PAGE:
Judge issues contempt warning to police, politicians and media over over Dale Cregan trial
A judge warned senior politicians, police and the media against saying anything that could prejudice the trial of Dale Cregan who is accused of murdering four people including two unarmed female police officers in a gun and grenade attack.
The Honorary Recorder of Manchester, Judge Andrew Gilbart QC said the deaths of Pcs Fiona Bone, 32, and Nicola Hughes, 23, in Hattersley, Greater Manchester, on Tuesday had attracted widespread publicity.
He said: "There has also been some comment from politicians, including those of the greatest seniority.
"Deciding what happened in these current cases, and the determination of whether or not this or these defendants or any other defendant is or are guilty of this or any other crime, is a matter for a jury to consider and not for the press, broadcasting media, internet sites, police or politicians."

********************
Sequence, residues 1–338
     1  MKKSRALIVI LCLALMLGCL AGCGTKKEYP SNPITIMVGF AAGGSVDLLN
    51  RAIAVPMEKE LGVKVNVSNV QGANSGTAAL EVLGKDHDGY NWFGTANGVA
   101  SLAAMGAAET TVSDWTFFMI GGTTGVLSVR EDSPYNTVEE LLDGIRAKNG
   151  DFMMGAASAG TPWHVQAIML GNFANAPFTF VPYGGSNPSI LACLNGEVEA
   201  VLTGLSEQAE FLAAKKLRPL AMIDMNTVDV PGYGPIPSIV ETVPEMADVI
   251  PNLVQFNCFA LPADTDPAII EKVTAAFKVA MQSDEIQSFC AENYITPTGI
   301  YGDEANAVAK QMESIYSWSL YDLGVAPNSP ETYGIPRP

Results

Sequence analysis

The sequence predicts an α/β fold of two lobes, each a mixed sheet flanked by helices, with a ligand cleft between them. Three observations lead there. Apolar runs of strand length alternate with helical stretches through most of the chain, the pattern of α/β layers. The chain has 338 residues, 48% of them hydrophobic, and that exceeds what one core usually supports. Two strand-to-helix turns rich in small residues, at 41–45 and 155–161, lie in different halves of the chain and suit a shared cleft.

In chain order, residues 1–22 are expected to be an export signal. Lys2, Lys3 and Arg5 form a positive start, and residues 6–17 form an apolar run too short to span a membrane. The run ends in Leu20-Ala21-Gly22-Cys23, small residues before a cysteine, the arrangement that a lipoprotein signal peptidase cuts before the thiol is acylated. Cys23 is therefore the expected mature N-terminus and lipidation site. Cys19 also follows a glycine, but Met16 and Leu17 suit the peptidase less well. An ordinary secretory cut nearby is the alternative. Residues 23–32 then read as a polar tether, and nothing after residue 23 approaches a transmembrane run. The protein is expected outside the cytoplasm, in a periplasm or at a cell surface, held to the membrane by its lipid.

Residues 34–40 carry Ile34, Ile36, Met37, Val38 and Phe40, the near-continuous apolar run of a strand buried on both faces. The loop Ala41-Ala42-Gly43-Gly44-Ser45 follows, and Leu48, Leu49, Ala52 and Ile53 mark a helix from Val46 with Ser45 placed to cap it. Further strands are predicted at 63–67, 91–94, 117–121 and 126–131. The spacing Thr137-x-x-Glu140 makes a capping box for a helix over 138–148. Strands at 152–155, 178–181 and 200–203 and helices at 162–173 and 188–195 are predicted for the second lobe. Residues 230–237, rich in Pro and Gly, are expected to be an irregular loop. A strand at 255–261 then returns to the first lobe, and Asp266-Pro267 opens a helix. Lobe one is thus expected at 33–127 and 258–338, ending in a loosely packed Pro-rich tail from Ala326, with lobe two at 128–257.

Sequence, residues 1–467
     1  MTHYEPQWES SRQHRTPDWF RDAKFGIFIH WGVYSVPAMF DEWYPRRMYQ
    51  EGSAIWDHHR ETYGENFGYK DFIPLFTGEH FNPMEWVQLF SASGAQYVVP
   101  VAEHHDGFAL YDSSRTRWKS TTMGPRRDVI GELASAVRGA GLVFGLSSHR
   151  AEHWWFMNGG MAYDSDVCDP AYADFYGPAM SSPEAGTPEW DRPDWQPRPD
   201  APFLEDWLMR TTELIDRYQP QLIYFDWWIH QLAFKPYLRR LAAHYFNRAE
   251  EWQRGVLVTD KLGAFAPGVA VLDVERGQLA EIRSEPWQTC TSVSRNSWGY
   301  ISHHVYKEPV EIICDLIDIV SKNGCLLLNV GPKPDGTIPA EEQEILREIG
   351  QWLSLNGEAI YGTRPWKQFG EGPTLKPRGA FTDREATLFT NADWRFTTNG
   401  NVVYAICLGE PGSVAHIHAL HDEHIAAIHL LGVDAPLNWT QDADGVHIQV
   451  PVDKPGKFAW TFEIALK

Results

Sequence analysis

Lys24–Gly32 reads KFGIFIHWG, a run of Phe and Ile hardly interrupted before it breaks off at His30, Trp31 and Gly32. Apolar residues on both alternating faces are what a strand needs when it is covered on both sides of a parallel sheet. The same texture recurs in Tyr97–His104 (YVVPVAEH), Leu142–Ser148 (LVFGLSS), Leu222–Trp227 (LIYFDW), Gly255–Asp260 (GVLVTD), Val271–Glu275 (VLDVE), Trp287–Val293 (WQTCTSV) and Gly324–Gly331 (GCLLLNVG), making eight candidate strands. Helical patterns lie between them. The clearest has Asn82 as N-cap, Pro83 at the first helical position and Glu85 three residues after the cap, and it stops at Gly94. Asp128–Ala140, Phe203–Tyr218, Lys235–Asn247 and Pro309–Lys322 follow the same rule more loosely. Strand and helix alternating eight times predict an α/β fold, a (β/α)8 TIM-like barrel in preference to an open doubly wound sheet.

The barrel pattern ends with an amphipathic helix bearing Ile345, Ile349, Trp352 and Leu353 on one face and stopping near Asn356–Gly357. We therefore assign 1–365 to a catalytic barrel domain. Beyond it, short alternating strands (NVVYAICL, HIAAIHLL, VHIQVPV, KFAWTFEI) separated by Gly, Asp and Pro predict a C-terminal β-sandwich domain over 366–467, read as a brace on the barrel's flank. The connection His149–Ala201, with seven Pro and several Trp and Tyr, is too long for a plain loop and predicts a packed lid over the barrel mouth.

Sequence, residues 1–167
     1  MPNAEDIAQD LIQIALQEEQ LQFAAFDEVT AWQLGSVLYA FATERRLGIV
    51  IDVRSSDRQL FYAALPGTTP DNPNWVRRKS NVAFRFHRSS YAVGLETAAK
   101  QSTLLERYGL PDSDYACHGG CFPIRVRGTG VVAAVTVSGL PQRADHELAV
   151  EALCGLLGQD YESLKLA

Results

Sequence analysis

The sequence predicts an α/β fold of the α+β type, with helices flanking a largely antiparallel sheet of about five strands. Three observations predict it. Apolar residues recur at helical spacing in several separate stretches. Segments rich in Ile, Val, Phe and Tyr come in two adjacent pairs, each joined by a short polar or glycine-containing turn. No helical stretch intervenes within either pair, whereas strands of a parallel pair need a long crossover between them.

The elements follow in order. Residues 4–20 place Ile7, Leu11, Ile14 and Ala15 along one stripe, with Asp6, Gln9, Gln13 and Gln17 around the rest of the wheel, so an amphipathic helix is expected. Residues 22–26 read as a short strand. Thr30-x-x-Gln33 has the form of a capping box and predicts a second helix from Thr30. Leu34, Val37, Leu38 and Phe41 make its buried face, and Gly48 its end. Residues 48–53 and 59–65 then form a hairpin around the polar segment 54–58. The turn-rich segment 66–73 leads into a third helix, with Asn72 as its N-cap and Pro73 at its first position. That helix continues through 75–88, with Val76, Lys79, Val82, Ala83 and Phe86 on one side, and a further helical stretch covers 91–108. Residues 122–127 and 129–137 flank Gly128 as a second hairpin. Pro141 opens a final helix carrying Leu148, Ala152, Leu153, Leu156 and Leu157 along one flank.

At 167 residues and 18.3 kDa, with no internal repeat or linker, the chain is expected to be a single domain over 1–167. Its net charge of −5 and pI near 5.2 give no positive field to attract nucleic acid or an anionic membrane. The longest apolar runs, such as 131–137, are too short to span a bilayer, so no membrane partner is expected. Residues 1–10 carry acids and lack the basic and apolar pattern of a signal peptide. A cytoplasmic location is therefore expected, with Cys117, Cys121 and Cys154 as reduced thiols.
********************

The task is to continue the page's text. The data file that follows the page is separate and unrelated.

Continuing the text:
Judge Gilbart said Greater Manchester Police Chief Constable Sir Peter Fahy had spoken "frankly and movingly" about the loss of two of his officers and it was only right that senior politicians through the media comment on such "terrible events", "provided that they do so within the usual proper bounds".
The law prohibits the publication of any details about a defendant or alleged offences that could interfere with the administration of justice and a fair trial.
Cregan, 29, was appearing by videolink at Manchester Crown Court. He was remanded in custody to appear again by video-link at Liverpool Crown Court on November 5.
As well as being accused of the two officers' murders, Cregan is also charged with the murders of David Short, 46, and his son, Mark, 23, who were killed in May and August this year. He is also accused of four attempted murders.
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